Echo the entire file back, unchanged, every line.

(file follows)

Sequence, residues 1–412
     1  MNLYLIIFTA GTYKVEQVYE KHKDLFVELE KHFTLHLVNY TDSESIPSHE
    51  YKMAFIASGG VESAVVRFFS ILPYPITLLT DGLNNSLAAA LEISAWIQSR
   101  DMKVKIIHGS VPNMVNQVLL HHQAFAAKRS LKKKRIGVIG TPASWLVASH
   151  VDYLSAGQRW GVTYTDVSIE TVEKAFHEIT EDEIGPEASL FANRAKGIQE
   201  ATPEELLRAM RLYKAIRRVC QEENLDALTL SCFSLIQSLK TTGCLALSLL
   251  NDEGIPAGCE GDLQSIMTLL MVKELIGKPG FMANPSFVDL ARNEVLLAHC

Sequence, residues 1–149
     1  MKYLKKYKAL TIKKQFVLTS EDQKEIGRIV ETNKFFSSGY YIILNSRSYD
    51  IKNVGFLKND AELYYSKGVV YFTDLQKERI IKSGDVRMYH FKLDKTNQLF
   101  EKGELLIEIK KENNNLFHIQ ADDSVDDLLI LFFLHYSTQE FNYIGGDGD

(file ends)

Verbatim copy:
Sequence, residues 1–412
     1  MNLYLIIFTA GTYKVEQVYE KHKDLFVELE KHFTLHLVNY TDSESIPSHE
    51  YKMAFIASGG VESAVVRFFS ILPYPITLLT DGLNNSLAAA LEISAWIQSR
   101  DMKVKIIHGS VPNMVNQVLL HHQAFAAKRS LKKKRIGVIG TPASWLVASH
   151  VDYLSAGQRW GVTYTDVSIE TVEKAFHEIT EDEIGPEASL FANRAKGIQE
   201  ATPEELLRAM RLYKAIRRVC QEENLDALTL SCFSLIQSLK TTGCLALSLL
   251  NDEGIPAGCE GDLQSIMTLL MVKELIGKPG FMANPSFVDL ARNEVLLAHC

Sequence, residues 1–149
     1  MKYLKKYKAL TIKKQFVLTS EDQKEIGRIV ETNKFFSSGY YIILNSRSYD
    51  IKNVGFLKND AELYYSKGVV YFTDLQKERI IKSGDVRMYH FKLDKTNQLF
   101  EKGELLIEIK KENNNLFHIQ ADDSVDDLLI LFFLHYSTQE FNYIGGDGD